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Indiana Jones: The Complete Adventures Blu-ray Review - Page 2 of 2

Indiana Jones: The Complete Adventures Blu-ray Collection box art -- click to buy from Amazon.com Indiana Jones: The Complete Adventures

Raiders of the Lost Ark (1981),
Indiana Jones and the Temple of Doom (1984),
Indiana Jones and the Last Crusade (1989),
Indiana Jones and the Kingdom of the Crystal Skull (2008)

Director: Steven Spielberg

2.35:1-2.40:1 Widescreen
5.1 DTS-HD MA (English), Dolby Digital 5.1 (French, Spanish, Portuguese)
First Three Films only: Dolby Surround 2.0 (Spanish, Portuguese)
Subtitles: English, French, Spanish, Portuguese; Film-Only: English for Hearing Impaired
Not Closed Captioned; Most Extras Subtitled
Release Date: September 18, 2012 / Suggested Retail Price: $99.98
Five single-sided, dual-layered discs (BD-50s)
Book of Discs in Cardboard Box
Films previously released in 5-Disc The Complete Adventure DVD Collection (October 14, 2008)

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Series Overview and Film Reviews

No big deal: Indy (Harrison Ford) nonchalantly rides an elephant in "Indiana Jones and the Temple of Doom."


You expect films as treasured as these to look terrific on Blu-ray and indeed they do. It sounds like Raiders has been treated to the most meticulous restoration, but all four look absolutely terrific. These stunning transfers find each frame clean, sharp, and vibrant. While certain shots and parts of frames look out of focus on the first three films, I have no doubt that is how they were shot and possibly intended.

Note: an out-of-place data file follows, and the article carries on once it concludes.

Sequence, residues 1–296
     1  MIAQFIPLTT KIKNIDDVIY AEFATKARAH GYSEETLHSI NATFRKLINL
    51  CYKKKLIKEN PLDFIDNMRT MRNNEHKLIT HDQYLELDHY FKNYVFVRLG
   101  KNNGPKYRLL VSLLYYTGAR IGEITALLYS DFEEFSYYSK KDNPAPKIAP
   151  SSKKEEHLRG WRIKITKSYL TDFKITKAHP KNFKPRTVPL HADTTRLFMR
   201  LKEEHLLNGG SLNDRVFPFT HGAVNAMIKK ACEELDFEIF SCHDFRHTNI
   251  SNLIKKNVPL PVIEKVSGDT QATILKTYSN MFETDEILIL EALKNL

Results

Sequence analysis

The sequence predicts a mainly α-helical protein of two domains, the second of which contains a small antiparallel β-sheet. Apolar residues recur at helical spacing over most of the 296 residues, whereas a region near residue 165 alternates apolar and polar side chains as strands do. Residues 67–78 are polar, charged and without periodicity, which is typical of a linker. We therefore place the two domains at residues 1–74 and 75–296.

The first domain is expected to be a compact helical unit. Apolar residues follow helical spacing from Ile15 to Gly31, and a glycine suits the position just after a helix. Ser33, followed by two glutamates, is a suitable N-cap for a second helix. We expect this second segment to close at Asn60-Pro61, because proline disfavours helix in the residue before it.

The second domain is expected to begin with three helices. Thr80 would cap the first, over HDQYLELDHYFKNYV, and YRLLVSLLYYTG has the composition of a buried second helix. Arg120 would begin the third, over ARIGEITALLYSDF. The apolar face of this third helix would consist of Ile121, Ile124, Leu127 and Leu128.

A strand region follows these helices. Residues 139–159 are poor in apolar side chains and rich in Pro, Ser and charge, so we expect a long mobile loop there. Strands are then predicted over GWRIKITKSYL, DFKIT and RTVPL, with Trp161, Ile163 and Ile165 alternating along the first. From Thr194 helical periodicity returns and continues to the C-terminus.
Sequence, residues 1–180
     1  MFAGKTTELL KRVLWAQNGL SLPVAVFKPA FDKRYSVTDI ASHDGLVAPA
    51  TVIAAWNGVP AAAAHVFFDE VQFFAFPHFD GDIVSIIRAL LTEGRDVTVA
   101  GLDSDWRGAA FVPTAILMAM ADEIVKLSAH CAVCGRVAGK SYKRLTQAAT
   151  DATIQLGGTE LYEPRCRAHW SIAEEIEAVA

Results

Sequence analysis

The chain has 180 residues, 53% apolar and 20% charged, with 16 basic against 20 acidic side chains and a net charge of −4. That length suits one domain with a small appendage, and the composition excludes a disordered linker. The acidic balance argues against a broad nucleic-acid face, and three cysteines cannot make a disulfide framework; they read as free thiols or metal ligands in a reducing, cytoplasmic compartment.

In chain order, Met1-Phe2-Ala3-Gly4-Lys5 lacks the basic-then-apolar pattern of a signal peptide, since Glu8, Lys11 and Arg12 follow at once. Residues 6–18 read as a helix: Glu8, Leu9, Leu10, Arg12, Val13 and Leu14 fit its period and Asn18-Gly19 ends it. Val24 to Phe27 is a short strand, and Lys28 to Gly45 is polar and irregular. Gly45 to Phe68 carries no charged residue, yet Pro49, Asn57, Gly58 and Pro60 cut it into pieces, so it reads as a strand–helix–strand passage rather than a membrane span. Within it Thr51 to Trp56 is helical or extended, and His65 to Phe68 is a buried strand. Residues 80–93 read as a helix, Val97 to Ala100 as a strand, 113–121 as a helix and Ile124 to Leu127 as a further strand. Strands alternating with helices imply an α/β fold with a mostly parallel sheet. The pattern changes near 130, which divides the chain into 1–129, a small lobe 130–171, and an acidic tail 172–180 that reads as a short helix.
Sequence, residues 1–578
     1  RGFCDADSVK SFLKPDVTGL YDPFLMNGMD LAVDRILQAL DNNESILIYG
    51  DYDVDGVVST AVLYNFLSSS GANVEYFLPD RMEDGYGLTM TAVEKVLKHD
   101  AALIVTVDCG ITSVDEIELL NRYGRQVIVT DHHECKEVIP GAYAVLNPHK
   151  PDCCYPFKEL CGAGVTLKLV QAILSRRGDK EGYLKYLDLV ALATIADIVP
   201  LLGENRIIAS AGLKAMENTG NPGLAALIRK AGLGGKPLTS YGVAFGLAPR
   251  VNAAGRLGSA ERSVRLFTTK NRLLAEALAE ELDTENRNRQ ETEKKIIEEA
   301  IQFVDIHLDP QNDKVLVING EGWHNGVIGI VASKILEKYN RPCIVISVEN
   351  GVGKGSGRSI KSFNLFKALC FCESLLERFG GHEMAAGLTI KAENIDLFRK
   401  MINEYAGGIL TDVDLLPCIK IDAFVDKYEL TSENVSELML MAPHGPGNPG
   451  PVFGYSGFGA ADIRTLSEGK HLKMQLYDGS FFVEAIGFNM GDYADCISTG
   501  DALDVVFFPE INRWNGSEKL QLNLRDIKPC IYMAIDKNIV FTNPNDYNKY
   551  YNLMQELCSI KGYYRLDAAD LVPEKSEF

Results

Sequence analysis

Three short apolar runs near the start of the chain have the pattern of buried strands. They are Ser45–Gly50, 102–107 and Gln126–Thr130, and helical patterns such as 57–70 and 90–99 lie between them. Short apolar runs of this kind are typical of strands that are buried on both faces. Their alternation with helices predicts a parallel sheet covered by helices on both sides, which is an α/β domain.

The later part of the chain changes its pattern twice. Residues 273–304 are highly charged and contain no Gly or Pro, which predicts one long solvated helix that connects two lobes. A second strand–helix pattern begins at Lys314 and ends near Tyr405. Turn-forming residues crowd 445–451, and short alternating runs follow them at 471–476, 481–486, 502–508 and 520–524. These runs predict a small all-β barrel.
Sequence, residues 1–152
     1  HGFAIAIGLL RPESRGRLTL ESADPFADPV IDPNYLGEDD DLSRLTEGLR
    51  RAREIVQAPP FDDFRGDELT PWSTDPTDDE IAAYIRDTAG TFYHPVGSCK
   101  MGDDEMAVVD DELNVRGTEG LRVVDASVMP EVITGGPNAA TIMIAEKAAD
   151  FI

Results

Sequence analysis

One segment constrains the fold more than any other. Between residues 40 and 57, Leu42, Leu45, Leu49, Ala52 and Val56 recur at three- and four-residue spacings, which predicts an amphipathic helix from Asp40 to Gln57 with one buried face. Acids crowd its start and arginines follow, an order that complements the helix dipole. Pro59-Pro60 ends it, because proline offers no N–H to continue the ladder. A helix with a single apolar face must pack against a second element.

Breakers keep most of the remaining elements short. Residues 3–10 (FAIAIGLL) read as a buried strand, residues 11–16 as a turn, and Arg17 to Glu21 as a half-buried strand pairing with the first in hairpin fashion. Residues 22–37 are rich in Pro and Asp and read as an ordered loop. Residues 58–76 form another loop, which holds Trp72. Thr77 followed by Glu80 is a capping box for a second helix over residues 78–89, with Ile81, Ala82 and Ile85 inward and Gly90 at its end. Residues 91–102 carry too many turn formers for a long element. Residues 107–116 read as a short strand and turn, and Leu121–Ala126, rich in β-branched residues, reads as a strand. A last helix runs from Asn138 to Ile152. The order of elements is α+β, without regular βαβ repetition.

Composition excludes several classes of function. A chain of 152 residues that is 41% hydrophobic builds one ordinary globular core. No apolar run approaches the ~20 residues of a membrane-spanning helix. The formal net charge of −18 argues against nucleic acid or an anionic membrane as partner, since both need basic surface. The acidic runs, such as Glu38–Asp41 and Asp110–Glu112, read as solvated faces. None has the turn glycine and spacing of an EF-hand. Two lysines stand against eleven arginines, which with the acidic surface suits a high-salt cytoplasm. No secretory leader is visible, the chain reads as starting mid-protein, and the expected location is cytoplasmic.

The 5.1 DTS-HD master audio soundtracks are equally delightful. The press release explains that Raiders makes use of its original master mix, which had been archived and untouched since 1981. Effects previously used in mono are now employed in the original stereo format in which they were recorded. The tracks boast depth, directionality, clarity, and precision. In picture and sound, the movies feel like they might have in opening day exhibitions only without any perceivable technical shortcomings.

George Lucas and Steven Spielberg are seen in an unusual behind-the-scenes teaser for "The Last Crusade." A much different version of Indy's fight with this swordsman is presented as a deleted scene in "On Set with 'Raiders of the Lost Ark.'"


The only extras appearing on Discs 1 through 4 are the film's original theatrical trailers, presented in HD and without subtitles. Raiders has a teaser (1:03) the places it in the tradition of Jaws and Star Wars, a standard trailer (2:33), and a trailer from the 1983 reissue (1:45). Temple of Doom has a teaser (1:00) that announces the project and its settings and a standard trailer (1:26). Last Crusade is joined by a teaser (1:28) that offers a rare behind-the-scenes look at production along with a standard trailer (2:13). Crystal Skull is joined by three swell trailers, numbered 2 (1:54), 3 (1:57), and 4 (1:42).
The obvious question -- where's #1? -- is one that was asked in 2008 and still isn't answered here.

Beyond those, all extras are relegated to the set's bonus disc, Disc 5.

Maintaining the emphasis on the original film, the set's one new addition is "On Set with Raiders of the Lost Ark" (57:53, HD). Randomly divided into two even parts (purely to run under a half-hour each), this documentary is composed primarily of production footage, which shows rather than tells. Showing us movie history in the making, this priceless footage goes through the film chronologically, the first half dealing with location shoots and the second moving to soundstages. It features a number of spruced-up deleted scenes (including a fairer fight against the desert swordsman), outtakes, and alternate takes. In addition, there are the occasional cast or crew remarks (like everything else, from 1980) as well as candid looks at Spielberg's direction, and things like fight and stunt choreography.